How We Put the 'Us' Back Into Our Marriage

Love & Sex 1

Putting teamwork back into marriageFor years I thought that so many of my marital problems stemmed from a lack of communication. And while, yes, we definitely have communication issues, I still remember what our marriage counselor said that made me realize it wasn't necessarily all our faults.

Due to our own parents' issues, we took on a lot of responsibility as kids, much more than most kids, actually, and we just got used to doing everything on our own. 

It's not necessarily that we don't want to work together and be a co-parenting team, it's because we're just not used to it. But how do we change what's ingrained in us so that we can start working with each other, not against?

My husband and I can both point a finger at our parents, whose own challenges forced us to be super independent, more independent than kids our age should really have been. I still remember filling out my entire financial aid packet for college that was meant to be completed by my parents. But since my dad was ambivalent about me going to college and had a whole ton of weird issues, I had to do it myself, then beg him to sign it so I could get help paying for it.

But I learned very early that if I was going to go anywhere or do anything, I had to circumvent my parents and do it on my own.

Sure, it sounds healthy to be so independent and responsible, and it's really helped me in many areas of my life. But in others, particularly in relationships and more so when it comes to parenting, I'm actually too capable. I rarely ask for help and I want to be the one doing it. Considering another person's valid input is just really hard for me.

For my husband, it manifests in other ways, but it's difficult nonetheless.

And the effect is doubled because I parent alone quite often, so I need to be able to function and make quick decisions without a huge amount of discussion because my husband is away.

Unfortunately, I don't have a good answer for how to be different, other than just being aware of it and making an extra effort to ask for help and accept it. We realize that it's not helping our relationship, but at least having some sort of understanding about why we're doing what we're doing beyond the basic "communication issues" has helped.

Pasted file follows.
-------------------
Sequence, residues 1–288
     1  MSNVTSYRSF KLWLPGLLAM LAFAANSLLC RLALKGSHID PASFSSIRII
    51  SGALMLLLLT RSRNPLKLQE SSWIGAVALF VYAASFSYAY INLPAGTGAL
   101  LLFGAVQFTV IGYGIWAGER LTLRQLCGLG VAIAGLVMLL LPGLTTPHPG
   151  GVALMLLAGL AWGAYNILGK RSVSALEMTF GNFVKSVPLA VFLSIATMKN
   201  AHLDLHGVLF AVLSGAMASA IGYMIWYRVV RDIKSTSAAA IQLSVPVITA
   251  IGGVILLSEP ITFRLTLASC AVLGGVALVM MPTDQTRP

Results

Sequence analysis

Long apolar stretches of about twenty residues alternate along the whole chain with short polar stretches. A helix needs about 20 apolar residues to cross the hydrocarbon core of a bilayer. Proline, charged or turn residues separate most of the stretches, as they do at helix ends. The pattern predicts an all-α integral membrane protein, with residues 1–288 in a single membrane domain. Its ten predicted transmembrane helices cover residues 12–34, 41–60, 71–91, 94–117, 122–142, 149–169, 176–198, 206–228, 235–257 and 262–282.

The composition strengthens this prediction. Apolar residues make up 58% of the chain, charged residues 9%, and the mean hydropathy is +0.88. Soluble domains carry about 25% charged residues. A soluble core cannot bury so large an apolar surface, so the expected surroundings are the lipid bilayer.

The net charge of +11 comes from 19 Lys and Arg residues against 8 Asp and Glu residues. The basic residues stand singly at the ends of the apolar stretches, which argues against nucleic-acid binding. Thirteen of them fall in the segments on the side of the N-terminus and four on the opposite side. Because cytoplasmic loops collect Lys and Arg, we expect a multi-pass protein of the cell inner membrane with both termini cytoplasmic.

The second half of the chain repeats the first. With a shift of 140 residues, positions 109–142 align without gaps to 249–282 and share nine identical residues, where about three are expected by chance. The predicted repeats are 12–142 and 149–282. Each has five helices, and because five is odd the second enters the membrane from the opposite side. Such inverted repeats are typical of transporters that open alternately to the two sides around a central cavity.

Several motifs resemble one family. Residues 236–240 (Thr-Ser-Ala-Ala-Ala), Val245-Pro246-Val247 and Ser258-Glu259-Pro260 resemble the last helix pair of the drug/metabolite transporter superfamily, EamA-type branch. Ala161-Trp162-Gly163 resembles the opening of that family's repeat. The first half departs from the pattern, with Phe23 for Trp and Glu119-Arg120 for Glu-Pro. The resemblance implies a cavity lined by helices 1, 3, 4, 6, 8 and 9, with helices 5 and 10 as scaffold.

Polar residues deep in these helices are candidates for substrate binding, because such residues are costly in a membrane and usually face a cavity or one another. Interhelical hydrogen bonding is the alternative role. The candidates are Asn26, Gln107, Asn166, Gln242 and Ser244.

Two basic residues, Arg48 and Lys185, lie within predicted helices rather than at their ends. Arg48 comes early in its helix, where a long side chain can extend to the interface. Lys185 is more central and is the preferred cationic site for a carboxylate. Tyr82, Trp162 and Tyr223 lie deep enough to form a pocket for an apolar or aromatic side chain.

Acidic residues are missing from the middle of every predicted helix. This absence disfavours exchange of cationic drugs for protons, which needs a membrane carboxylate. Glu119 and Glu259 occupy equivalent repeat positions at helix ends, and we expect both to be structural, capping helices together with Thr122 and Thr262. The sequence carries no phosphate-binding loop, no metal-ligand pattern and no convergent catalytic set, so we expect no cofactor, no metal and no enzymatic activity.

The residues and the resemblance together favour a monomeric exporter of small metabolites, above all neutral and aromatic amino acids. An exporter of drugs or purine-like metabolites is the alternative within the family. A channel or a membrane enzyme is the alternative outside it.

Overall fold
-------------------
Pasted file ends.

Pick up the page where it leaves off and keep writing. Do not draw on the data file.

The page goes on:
What are your suggestions for better communication and teamwork with your partner or spouse?

 

Image via Larry Ziffle/Flickr

marriage, commitment, love

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tuffy... tuffymama

This was great! I'm so sick of that defense-of-divorce shit that whatshername keeps churning out.



DH and I are similar to you guys. I'm the oldest child, and my mother put way too much responsibility on me way too early, so I have always taken charge in almost everything. DH's family were a little out there, so he had to take responsibility at a very early age, too. He is DEFINITELY and alpha male, and quite used to forging his own path. What we do is, deliberately divide some duties completely. He does A duties and makes such and such without my input, and I do B duties and certain things without consulting him. The rest, we either agree on ahead of time, or we caucus as necessary. There are some aspects of childrearing I am completely opposed to compromising or changing my methods on, and we do them my way. Period. I am a financial wiz and very frugal, but I have adapted my tight and tidy accounting practices to fit DH's comfort level. We still lock horns sometimes, but we ALWAYS talk it out later. That makes us stronger as a united force, actually. We've both had relationship failures in the past, and we are not about to fail again. Divorce is failure. Unhappy union is failure. Failure is not an option.

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